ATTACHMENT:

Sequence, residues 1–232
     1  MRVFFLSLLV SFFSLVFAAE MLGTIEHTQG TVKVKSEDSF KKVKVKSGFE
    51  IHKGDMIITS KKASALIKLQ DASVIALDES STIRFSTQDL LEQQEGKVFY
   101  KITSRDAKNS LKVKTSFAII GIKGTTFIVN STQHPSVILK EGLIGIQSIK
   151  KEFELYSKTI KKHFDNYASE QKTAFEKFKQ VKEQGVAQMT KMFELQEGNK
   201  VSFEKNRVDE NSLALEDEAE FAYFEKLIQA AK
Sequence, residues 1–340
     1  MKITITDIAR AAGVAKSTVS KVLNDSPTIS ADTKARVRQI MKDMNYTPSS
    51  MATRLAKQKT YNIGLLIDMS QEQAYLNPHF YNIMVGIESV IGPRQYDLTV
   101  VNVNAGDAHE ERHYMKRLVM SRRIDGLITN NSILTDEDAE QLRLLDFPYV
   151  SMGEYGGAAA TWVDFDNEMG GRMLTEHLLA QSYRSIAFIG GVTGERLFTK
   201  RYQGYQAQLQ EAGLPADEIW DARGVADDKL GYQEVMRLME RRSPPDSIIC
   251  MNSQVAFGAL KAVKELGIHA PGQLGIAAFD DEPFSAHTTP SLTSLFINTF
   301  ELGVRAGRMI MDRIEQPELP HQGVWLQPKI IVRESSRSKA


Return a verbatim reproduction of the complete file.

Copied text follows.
Sequence, residues 1–232
     1  MRVFFLSLLV SFFSLVFAAE MLGTIEHTQG TVKVKSEDSF KKVKVKSGFE
    51  IHKGDMIITS KKASALIKLQ DASVIALDES STIRFSTQDL LEQQEGKVFY
   101  KITSRDAKNS LKVKTSFAII GIKGTTFIVN STQHPSVILK EGLIGIQSIK
   151  KEFELYSKTI KKHFDNYASE QKTAFEKFKQ VKEQGVAQMT KMFELQEGNK
   201  VSFEKNRVDE NSLALEDEAE FAYFEKLIQA AK
Sequence, residues 1–340
     1  MKITITDIAR AAGVAKSTVS KVLNDSPTIS ADTKARVRQI MKDMNYTPSS
    51  MATRLAKQKT YNIGLLIDMS QEQAYLNPHF YNIMVGIESV IGPRQYDLTV
   101  VNVNAGDAHE ERHYMKRLVM SRRIDGLITN NSILTDEDAE QLRLLDFPYV
   151  SMGEYGGAAA TWVDFDNEMG GRMLTEHLLA QSYRSIAFIG GVTGERLFTK
   201  RYQGYQAQLQ EAGLPADEIW DARGVADDKL GYQEVMRLME RRSPPDSIIC
   251  MNSQVAFGAL KAVKELGIHA PGQLGIAAFD DEPFSAHTTP SLTSLFINTF
   301  ELGVRAGRMI MDRIEQPELP HQGVWLQPKI IVRESSRSKA